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CONSERVATION

New Zealand's remarkable Maud Island frog
Saturday 28 April 2012, 5:16AM
By Victoria University
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In time to celebrate international Save the Frogs Day, a major study has shown that one of New Zealand’s frog species not only lives longer than most other frogs, but has one of the smallest home-ranges known for any vertebrate.

Maud Island, in the Marlborough Sounds, is home to a small and globally threatened frog—Leiopelma pakeka. The frogs grow to just 5cm in length.

Maud Island frogs have been studied by Victoria University Associate Professor Ben Bell for 35 years, making his study one of the longest studies of frogs to date in the world—and it is still ongoing.

The data have shown that the frogs have some interesting oddities: they live for 35 to 40 years—extreme longevity for wild frogs—and have one of the smallest home-ranges known for any vertebrate.

Dr Bell says that the results are remarkable. "The frogs exist within 30 square metres for their entire lives, shifting the centre of their range by only 1.3 metres every ten years. This extreme site fidelity is unusual for frogs.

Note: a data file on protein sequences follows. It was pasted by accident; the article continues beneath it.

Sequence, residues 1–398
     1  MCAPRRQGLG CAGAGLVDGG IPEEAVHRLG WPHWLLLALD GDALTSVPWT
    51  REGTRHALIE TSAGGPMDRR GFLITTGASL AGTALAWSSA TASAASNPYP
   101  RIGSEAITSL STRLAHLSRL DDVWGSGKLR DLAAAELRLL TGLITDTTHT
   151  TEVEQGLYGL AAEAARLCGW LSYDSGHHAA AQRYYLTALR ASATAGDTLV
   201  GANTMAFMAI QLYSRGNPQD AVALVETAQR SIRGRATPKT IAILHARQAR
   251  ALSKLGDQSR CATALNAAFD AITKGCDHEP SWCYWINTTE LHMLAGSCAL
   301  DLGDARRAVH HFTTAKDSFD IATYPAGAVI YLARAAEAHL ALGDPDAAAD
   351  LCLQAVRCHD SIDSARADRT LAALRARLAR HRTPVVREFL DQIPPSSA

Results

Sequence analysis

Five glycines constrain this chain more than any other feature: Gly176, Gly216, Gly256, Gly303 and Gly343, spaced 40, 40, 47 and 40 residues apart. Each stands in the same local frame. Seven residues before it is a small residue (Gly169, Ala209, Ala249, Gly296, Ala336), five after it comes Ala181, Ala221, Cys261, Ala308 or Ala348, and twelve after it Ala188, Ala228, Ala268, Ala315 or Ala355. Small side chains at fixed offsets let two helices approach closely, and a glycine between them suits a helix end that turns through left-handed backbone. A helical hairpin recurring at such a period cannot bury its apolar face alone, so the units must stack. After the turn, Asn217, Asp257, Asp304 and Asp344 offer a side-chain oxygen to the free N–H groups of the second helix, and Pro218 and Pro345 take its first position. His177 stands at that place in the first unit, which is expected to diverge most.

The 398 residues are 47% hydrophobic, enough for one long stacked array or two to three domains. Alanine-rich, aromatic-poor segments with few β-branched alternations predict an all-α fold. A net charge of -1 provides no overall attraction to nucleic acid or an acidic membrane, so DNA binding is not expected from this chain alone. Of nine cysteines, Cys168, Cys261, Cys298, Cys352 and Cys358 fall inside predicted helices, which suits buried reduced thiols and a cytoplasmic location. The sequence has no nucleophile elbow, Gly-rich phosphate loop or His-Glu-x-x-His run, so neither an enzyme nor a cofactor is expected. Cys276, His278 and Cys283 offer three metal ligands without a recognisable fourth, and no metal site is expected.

"This research has given us a much better understanding of the life-history patterns of these native frogs. It assists their conservation management by providing long-term data on their numbers, growth rates, movements and survival. It also contributes directly to the global Save The Frogs campaign, by providing basic population data on a frog of very limited world distribution," says Dr Bell.

For many years the long-term native frog research undertaken by Dr Bell has provided the Department of Conservation with up to date population data for assessment of the status of the Maud Island frog, as well as Archey’s frog which he also studies in the Coromandel Ranges.

This year’s international Save the Frogs Day takes place on Saturday, 28 April.

Dr Bell is an Associate Professor within Victoria University’s Centre for Biodiversity and Restoration Ecology, a centre that identifies and researches the restoration of depleted populations, species and communities in ecosystems that have been impacted by human activity. Dr Jennifer Moore of Michigan State University, who completed a PhD at Victoria in 2008, analysed the results in collaboration with Dr Bell.






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